22
Apr
09

Road trip!

Sorry for the late post — I’ve been traveling today (up at 3:30 AM for an early flight, and then straight from the airport to work, and then on from there…).  And, unfortunately, because of this I haven’t had time to compose something in-depth and interesting for today’s post.

So I’m going to make this a cop-out post and ask a question instead: What kind of travel stories do you like?  By that I mean stories (particularly fantasy, since this seems to be a popular mode for quests) that involve traveling all over an imaginary world as a major part of the plot?  The Lord of the Rings is the obvious one that comes to mind, since a good chunk of it is the story of one long journey.  The Farthest Shore is another good example.  I know there are science fiction examples — colony ships, for example — but right now I’m blanking on them (probably because in order to stay awake, I managed to consume a latte as big as my head, and so have a brain marinated in caffeeeeeine).

Looking at settings that parallel our own, there’s American Gods, which could be called a road novel, though I have trouble thinking of it that way.  The Armageddon Rag has similar elements, particularly when the tour begins.  And for some reason, I always think of The Stress of Her Regard as a voyage across Europe — with stops at all the dangerous, haunted places.  It’s much more than that, but the travel is such an integral part of the story that it stays with me.

So.  Fantasy and science fiction that’s centered on travel?  Rambling quests?  Plot coupons scattered to the four corners of the world?

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7 Responses to “Road trip!”


  1. April 23, 2009 at 12:00 am

    At first thought any novel by Tom Robbins comes to mind. And of course the obvious Hitchhikers Guide to the Galaxy by Douglas Adams.

    Another one that is more science fiction in nature is Tau Zero by Poul Anderson.

    Great question.

  2. 2 PHil.
    April 23, 2009 at 2:09 am

    If I’m going on a road trip in fantasy, I want to be shown something new. It’s ok to travel and not show me something new in a story, but if I get a travelogue of a trip I’ve already taken, it’s not going to hold my interest. One of my favorite series in Sci Fi is Brian Daley’s very pulpy “Adventures of Hobart Floyt and Alacrity Fitzhugh” which have a lot of travel to new vistas. The third book gets a bit bogged down in the traveloguing, though (I generally recommend the first two to people, they hold together quite well and you don’t need the loose ends tied up in the third book neatly handled to enjoy them.)

    On the fantasy side, another trilogy I’ve enjoyed which had a lot of trave and gets the balance of detail pretty close to spot on is Martha Wells’ Fall of Ille-Rien. The starting world for her characters is basically WWI Europe + magic (she’s messed with the geography and the players a bit, but that’s the flavor, and it follows from the books set in Ille-Rien before, which, to my eye, reads as Vienna) but moves on from there fairly quickly and when she gets to the truly different parts of the journey they get detailed, but the rest is sketched quickly so the story can continue.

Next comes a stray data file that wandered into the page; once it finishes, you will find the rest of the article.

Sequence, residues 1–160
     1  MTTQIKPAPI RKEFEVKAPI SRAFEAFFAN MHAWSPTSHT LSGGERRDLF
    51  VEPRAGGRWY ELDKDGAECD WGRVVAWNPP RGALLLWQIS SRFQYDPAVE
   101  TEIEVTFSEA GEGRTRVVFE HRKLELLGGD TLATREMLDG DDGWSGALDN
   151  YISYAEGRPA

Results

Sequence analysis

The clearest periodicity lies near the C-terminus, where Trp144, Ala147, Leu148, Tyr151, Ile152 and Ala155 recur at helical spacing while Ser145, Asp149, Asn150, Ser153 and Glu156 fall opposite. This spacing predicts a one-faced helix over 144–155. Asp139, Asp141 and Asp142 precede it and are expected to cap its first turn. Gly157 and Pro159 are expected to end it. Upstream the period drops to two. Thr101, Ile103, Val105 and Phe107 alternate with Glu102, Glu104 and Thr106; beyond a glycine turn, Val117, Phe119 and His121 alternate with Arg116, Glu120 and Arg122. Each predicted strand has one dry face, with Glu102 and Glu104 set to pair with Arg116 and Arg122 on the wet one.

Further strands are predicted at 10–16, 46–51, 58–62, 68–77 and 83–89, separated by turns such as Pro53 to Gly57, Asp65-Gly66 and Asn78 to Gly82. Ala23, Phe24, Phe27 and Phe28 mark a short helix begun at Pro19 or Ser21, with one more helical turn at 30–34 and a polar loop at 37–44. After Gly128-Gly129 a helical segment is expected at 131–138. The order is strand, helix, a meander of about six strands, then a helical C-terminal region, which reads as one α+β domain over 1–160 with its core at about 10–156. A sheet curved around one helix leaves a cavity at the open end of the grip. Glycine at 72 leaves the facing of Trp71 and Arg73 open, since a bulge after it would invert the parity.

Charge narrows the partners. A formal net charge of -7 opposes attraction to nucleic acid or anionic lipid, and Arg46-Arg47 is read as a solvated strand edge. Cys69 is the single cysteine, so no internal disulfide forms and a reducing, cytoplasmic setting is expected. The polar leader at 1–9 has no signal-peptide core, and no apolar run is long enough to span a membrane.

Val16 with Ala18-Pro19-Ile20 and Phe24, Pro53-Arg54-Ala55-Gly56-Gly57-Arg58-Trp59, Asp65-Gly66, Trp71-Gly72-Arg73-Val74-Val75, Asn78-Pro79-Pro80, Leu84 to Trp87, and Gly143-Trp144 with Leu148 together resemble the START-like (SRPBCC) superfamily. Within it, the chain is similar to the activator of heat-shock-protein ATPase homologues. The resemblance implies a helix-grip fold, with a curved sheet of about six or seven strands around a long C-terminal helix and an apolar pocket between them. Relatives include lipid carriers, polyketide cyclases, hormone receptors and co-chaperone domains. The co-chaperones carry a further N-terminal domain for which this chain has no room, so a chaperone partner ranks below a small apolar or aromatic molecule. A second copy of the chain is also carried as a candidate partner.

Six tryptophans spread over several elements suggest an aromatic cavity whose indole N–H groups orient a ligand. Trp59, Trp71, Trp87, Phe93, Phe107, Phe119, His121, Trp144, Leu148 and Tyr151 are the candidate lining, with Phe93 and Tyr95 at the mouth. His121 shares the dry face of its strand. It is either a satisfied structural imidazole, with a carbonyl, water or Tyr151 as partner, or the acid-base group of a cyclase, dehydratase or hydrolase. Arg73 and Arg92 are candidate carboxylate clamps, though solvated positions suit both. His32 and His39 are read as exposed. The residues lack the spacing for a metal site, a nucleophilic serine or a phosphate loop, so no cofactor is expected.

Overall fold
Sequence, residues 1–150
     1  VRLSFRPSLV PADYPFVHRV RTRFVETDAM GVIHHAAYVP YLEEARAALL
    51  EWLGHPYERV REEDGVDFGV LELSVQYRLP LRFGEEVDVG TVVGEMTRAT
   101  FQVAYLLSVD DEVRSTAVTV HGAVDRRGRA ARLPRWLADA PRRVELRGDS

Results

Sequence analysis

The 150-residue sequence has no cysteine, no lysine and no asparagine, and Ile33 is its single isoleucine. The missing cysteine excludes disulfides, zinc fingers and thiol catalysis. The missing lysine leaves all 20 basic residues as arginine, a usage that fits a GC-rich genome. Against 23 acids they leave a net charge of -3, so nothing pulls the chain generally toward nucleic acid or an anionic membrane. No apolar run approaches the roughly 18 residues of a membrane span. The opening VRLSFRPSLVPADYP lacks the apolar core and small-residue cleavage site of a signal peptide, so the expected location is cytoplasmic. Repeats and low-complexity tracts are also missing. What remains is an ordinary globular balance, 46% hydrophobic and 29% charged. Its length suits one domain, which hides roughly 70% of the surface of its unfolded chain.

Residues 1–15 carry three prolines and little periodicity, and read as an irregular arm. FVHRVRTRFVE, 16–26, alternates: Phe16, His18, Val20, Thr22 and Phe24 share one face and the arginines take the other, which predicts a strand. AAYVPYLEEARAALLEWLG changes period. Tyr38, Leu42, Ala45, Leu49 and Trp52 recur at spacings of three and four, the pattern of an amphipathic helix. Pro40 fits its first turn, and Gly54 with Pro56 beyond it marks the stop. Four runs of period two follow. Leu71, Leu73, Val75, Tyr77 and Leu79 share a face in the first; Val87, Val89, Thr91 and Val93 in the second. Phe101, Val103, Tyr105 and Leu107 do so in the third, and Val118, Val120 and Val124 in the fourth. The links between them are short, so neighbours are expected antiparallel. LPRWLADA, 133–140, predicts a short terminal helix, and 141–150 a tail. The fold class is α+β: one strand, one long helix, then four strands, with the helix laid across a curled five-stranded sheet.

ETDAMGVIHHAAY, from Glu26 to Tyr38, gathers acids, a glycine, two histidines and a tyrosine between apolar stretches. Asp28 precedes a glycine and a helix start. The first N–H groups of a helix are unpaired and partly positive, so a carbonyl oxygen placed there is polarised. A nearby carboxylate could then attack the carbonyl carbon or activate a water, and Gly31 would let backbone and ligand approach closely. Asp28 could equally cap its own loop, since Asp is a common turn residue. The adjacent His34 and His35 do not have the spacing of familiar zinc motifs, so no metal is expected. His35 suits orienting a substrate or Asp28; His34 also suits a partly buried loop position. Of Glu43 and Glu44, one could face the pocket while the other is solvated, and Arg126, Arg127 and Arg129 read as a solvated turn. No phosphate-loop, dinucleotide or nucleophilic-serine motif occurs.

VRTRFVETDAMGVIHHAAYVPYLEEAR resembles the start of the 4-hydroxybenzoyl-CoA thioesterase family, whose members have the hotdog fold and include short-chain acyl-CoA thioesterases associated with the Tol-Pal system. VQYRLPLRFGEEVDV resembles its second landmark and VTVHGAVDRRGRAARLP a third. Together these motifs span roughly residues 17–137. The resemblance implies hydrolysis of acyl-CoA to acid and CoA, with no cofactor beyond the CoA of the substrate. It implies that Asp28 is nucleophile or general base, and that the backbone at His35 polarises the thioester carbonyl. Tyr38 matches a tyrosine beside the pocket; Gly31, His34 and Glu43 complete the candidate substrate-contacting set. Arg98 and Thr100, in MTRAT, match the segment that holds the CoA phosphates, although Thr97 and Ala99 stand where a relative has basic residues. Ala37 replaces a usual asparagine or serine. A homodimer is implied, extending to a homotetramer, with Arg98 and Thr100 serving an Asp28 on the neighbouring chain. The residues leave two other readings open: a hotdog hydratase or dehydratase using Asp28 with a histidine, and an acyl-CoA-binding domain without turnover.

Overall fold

3. April 23, 2009 at 2:50 am

    Travel stories are probably my favorite kind, and I’ve been reading (and re-reading) them since I was a kid.

    I can’t let this topic go by without mentioning a few of the best classics: “Alice in Wonderland,” “The Wizard of Oz” and “Journey to the Center of the Earth.”

  4. April 23, 2009 at 5:00 am

    Some of my favorite travel stories:

    All the John Carter of Mars books by Edgar Rice Burroughs.
    Star Trek.
    Farscape.
    A Door into Ocean bu Joan Slonczewski.
    Hawkmistress by Marion Zimmer Bradley.
    The Odyssey by Homer.

    Great question; so many great stories.

  5. 5 mlronald
    April 23, 2009 at 12:24 pm

    a cameron, I can’t believe I forgot The Hitchhiker’s Guide to the Galaxy! I was even listening to “Marvin, I Love You” just before writing the post, too.

    PHiL, yes, a travelogue showing the familiar isn’t nearly as interesting (unless, of course, it turns over the familiar to reveal something strange). I remember being kind of ticked at a big fantasy series that not only decided to hit every single place the author had put on the map (to the point where I could tell where the Big Climactic Finish would be just because we hadn’t been there yet) but managed to make the entire world seem like one I’d read before.

    I may have to try “Adventures of Hobart Floyt and Alacrity Fitzhugh” just for the title.

    taerin, yes! I think part of the reason I kept reading the Oz books was how they showed different parts of the land. I can still trace some of the paths from the books on the map.

    Tanith, great choices. I’d never read the Slonczewski; now I think I’ll have to find a copy.

  6. 6 mentatjack
    April 24, 2009 at 1:05 am

    Two recent sci-fi examples:

    Ragamuffin by Tobias Buckell … voyage through a system of chained wormholes.

    The Entire and the Rose by Kay Kenyon … most of this story is ABOUT travel. From wormholes in our universe to exploring the Entire via pack animal, boat, foot, intelligent energy ships,very strange trains, a race of intelligent mounts and a blimp creature.


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